Really thought provoking. Indeed, the title and the verse suggest what is so true for both the metaphorical and literal crutches. And what you say about pride, so true. I can also relate anger and fear. Those people who always complain about their literal and/or metaphorical crutches, so much needed yet eschewed, ought to read this work. That valley of pride is waiting to consume anyone who does fall. A really great poem, David.
Thanks for your comments. In this poem I'm anthromorphizing unrefined pride as a creature that eschews crutches (and all forms of help from other people and things) because it can not stomach the idea of 'being helped.' It's a hyper-individualistic pride I'm dealing with here. This is why I have it get itself stuck in the nasty chasm. It won't use the footbridge to cross over to the future (and progress) because, unlike the boy who's thankful for the crutch, it absolutely loathes help from outside. In consequence of eschewing help, it will spend its remaining days rotting down in its dank pit of gloom. Whereas crutch-boy will trudge onward and upward. He'll 'get by with a little help from [his] friends, ' and I don't mean recreational drugs per se!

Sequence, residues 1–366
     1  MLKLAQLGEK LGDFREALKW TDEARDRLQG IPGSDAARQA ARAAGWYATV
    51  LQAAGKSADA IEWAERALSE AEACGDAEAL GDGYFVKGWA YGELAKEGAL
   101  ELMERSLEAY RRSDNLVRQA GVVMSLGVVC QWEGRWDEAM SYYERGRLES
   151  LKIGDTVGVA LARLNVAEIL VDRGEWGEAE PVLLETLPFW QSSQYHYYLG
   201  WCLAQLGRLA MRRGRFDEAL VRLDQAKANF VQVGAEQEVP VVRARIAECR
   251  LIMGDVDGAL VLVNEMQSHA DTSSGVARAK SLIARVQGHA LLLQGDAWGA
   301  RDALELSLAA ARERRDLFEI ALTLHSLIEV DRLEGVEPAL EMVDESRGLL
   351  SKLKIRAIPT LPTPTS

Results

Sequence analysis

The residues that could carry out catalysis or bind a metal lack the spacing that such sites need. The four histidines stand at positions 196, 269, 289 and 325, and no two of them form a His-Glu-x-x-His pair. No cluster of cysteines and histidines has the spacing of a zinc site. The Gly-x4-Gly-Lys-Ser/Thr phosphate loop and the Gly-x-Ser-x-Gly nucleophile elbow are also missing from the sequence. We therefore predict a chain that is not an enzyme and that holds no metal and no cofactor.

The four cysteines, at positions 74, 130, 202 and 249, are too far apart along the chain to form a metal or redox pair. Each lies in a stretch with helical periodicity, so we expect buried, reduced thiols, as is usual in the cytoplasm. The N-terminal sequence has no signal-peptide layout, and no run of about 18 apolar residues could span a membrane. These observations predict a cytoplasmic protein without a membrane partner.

I was drawn by the title. We are all certainly ashamed of our visible crutches-those we see and of which we are aware. But the poem got me thinking about those crutches that we use and rely upon without really being aware of them. We are in denial as to their very existence. And pride, in fact, does not eschew them. Instead, pride almost necessitates them. Or, at the very least, 'enables' them (ironically enough) .